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My love of writing and a lucky life


Two final major research projects
Donald Knuth Scientist
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Now I'm... I'm still able to do small research problems that... that I can solve in a day or so but... but I knew that... that I'd never be able to work on a major... major difficult problem, you know, as I'm working on The Art of Computer Programming, it's hard for me to give... to give that up. So I found myself working on two big projects, one of them at the end of the '80s and one at the beginning of the '90s, which were sort of monographs. This one... and the first one, a project called Axioms and Hulls where I... where I was studying interesting problems in geometry - in... in convex geometry - and I... I got to work on that while I was in Singapore getting the book, 3:16, printed.  This turned out to be a little book of... of 100 and some pages. And... and then I... I started looking at... at the problem of random graphs, a... a very fascinating phenomenon where sort of a big bang occurs when... when you start out with... with points that are totally disconnected and then you... you choose two points at random and add a connection between them, and you keep doing this. And as... as soon as you pass the number of connections, about half of the number of points, suddenly almost everything almost always becomes connected, a large part of it becomes connected.  This is called the 'giant component'. And I had been studying this problem with... with Boris Pittel, a... a visitor to my research project in the... at the end of the '80s and we... we got some preliminary results that seemed kind of exciting mathematically, and so I was writing up the paper and I realized that there were even more results around the corner, in fact, the more I looked at the problem yet another beautiful pattern seemed to emerge. So... so, as it turned out, it... it was... it was... it finally developed into... into not only was I studying the 'giant component' but we wrote a research paper which was a giant paper, it... it filled the entire issue of a journal. And I had... I had three co-authors, Boris Pittel, who I already mentioned and Svante Janson, Tomasz Luczac from Poland. We all kept finding more things about this subject and challenging each other to... to do yet another amazing step in the exploration of this phenomenon that was coming through. I... so, in a way it was like having written two more PhD theses at the... at the end of my research career, these two monographs, the one on Axioms and Hulls and the other one about the... the 'giant component'. And this was then my swan song, you know, to... after which I... I said, okay, now I've been there and done that and all the fun problems now I'll leave to other people if I can't solve them in a day. Or if... or I try to give myself an hour but if... and... but after an hour sometimes I think well, maybe another hour I'll be able to do it. So...so from now on I... if I think of a... a new problem and I can't see how to... how to solve it I will pass it on to... to somebody else and say, don't you think this is a cool thing and... and let them have the fun of... of solving it.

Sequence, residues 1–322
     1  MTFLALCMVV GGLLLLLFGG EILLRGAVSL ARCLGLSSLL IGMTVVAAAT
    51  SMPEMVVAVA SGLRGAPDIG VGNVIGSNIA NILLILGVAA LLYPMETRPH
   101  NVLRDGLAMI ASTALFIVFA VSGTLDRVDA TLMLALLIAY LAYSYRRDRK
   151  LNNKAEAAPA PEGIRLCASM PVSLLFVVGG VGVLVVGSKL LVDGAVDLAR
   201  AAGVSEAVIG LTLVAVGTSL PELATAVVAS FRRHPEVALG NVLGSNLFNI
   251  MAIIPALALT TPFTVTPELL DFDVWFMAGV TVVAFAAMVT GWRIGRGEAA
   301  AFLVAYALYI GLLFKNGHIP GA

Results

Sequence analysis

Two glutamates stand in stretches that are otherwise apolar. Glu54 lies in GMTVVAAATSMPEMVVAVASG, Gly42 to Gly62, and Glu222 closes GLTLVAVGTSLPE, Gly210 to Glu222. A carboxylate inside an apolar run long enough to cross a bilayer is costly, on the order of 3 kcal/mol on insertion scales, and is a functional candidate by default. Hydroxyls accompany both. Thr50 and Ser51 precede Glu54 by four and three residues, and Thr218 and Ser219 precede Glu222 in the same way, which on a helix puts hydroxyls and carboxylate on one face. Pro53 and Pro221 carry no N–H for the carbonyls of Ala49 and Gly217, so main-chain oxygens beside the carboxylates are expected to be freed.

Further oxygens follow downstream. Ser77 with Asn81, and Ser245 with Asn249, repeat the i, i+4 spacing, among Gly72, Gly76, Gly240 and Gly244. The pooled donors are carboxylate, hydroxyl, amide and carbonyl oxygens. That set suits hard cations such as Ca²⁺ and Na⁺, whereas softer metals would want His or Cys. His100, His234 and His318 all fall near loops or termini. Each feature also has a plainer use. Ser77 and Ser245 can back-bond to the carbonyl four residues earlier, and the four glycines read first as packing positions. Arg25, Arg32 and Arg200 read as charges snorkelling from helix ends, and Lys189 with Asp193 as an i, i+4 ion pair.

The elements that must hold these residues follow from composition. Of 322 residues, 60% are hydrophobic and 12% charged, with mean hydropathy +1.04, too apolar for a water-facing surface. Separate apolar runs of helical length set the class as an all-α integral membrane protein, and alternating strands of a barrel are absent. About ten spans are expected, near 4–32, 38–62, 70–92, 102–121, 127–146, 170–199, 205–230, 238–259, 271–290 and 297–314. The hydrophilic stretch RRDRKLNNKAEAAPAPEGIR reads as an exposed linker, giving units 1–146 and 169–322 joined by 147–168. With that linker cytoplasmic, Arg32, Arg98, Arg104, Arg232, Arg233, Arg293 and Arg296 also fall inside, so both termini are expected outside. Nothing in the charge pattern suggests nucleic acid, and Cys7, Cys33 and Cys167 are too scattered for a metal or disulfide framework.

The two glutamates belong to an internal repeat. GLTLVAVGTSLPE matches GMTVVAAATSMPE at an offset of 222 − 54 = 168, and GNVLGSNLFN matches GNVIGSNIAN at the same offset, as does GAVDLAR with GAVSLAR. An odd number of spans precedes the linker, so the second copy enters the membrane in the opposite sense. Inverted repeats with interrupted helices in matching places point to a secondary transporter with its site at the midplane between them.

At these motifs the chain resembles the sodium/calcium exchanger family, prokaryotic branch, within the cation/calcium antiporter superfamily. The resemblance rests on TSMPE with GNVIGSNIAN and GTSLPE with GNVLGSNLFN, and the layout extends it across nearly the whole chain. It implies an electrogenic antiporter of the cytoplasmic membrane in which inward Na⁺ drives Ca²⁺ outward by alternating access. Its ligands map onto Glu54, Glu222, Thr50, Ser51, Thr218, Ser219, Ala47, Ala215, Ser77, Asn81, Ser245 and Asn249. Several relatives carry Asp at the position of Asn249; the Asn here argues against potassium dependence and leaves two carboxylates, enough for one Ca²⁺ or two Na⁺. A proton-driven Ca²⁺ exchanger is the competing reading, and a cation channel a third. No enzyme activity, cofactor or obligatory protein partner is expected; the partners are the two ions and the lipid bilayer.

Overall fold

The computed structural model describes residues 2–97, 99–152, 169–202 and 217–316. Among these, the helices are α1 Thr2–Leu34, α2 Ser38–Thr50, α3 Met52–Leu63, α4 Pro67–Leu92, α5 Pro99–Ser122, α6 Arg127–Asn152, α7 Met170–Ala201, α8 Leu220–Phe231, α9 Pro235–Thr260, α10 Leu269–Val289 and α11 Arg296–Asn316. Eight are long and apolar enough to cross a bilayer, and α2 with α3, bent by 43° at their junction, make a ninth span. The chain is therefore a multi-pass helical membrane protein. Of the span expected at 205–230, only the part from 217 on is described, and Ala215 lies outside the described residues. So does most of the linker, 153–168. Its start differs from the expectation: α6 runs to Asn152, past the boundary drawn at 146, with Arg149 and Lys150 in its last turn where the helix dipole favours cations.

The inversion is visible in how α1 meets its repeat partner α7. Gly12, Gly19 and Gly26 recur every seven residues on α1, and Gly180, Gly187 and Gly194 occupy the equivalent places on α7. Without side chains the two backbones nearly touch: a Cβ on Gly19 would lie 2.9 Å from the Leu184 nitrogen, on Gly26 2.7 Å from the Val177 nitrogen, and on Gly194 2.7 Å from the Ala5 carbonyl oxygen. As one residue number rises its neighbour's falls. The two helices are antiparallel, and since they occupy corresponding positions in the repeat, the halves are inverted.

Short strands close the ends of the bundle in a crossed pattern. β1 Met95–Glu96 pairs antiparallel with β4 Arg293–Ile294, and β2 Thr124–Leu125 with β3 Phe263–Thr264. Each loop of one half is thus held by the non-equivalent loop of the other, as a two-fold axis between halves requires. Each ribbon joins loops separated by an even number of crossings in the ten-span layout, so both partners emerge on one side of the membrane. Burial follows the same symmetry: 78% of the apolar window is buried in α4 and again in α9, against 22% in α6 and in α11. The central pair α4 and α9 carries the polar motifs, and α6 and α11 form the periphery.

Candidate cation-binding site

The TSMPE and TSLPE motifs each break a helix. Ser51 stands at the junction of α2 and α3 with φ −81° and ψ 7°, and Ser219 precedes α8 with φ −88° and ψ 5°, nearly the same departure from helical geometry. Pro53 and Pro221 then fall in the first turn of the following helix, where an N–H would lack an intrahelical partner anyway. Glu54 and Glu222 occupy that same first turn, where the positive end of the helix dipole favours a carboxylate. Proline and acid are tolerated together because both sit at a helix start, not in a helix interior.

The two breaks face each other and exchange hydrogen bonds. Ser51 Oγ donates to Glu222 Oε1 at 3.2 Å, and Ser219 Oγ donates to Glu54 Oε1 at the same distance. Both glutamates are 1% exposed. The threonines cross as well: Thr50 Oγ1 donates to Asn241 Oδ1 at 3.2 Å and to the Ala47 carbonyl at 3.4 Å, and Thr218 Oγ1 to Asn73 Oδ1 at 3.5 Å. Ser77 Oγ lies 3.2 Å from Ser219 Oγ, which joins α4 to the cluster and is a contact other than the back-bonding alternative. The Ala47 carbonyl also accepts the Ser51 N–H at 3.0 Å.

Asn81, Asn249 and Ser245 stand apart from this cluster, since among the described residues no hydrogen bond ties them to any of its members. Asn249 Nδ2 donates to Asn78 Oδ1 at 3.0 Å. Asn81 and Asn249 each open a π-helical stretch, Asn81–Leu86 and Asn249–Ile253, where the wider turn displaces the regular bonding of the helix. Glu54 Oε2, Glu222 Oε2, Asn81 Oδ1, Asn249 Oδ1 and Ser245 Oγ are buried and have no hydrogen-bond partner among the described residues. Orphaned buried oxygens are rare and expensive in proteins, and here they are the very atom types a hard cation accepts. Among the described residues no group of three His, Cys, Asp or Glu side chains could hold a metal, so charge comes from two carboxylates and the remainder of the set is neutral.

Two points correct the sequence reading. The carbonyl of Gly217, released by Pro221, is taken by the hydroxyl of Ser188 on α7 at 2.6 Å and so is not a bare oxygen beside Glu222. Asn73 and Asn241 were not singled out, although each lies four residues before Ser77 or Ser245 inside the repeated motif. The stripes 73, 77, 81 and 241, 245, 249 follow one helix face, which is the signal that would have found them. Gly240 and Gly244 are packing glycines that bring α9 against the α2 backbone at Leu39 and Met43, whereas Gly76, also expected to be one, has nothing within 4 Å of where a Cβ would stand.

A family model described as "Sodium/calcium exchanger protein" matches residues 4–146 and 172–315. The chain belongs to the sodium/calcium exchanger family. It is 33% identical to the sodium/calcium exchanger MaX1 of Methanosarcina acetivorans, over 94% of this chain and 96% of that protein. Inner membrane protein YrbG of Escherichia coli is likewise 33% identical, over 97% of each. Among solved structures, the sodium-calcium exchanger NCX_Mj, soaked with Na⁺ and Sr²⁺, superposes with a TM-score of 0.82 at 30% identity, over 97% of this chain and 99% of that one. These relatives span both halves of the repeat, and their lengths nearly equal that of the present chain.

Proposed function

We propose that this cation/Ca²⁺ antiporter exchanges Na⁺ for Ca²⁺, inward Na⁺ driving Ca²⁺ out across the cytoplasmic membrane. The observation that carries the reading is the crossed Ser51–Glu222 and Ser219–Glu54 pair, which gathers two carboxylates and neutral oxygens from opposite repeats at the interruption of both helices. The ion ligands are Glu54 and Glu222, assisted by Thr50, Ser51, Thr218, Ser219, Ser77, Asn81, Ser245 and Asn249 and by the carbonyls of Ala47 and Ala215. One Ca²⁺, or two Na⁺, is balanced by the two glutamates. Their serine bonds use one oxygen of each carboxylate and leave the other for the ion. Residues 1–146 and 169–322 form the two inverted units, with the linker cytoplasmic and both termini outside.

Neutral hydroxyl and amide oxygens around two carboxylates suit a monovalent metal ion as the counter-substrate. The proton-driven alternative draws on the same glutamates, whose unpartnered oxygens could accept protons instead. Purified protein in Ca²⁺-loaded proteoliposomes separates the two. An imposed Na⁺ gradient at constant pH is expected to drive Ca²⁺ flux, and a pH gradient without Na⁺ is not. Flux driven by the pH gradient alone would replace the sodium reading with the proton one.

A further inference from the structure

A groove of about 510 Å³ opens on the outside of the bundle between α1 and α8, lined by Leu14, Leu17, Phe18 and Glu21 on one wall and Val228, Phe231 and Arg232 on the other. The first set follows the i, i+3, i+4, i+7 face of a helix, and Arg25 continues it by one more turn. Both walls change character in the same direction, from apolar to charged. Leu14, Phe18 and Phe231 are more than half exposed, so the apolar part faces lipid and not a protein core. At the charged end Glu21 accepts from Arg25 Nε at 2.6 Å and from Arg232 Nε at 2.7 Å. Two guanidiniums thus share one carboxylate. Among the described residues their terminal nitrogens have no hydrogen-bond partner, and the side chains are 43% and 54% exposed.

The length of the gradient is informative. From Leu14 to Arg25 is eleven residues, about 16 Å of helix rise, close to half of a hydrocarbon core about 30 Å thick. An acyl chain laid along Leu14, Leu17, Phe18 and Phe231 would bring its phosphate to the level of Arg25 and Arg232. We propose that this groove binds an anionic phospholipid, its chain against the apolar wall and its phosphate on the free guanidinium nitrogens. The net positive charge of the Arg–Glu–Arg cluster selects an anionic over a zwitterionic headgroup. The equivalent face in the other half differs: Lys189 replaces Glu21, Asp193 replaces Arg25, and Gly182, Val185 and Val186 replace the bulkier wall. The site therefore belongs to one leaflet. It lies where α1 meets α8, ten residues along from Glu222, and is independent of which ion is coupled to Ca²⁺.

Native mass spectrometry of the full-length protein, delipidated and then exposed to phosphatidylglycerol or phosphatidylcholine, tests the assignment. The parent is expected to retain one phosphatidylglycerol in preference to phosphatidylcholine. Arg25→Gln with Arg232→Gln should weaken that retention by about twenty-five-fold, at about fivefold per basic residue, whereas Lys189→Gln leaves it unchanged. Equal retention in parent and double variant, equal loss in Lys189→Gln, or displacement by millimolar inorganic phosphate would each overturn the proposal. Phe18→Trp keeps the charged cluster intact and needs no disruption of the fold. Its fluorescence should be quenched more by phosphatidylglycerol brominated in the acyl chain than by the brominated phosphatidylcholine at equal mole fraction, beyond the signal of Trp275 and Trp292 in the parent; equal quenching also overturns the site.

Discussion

Born in 1938, American computing pioneer Donald Knuth is known for his greatly influential multi-volume work, 'The Art of Computer Programming', his novel 'Surreal Numbers', his invention of TeX and METAFONT electronic publishing tools and his quirky sense of humor.

Listeners: Dikran Karagueuzian

Trained as a journalist, Dikran Karagueuzian is the director of CSLI Publications, publisher of seven books by Donald Knuth. He has known Knuth since the late seventies when Knuth was developing TeX and Metafont, the typesetting and type designing computer programs, respectively.

Tags: The Art of Computer Programming, Axioms and Hulls, Singapore, 3:16, Poland, Tomasz Łuczak, Boris Pittel, Svante Janson

Duration: 3 minutes, 56 seconds

Date story recorded: April 2006

Date story went live: 24 January 2008